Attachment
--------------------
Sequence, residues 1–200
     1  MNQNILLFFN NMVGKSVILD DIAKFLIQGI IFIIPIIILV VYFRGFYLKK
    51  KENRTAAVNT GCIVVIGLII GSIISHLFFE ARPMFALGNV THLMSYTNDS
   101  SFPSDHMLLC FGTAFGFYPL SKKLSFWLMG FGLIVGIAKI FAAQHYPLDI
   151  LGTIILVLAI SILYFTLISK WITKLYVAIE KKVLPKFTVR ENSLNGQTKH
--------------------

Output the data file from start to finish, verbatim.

Sequence, residues 1–200
     1  MNQNILLFFN NMVGKSVILD DIAKFLIQGI IFIIPIIILV VYFRGFYLKK
    51  KENRTAAVNT GCIVVIGLII GSIISHLFFE ARPMFALGNV THLMSYTNDS
   101  SFPSDHMLLC FGTAFGFYPL SKKLSFWLMG FGLIVGIAKI FAAQHYPLDI
   151  LGTIILVLAI SILYFTLISK WITKLYVAIE KKVLPKFTVR ENSLNGQTKH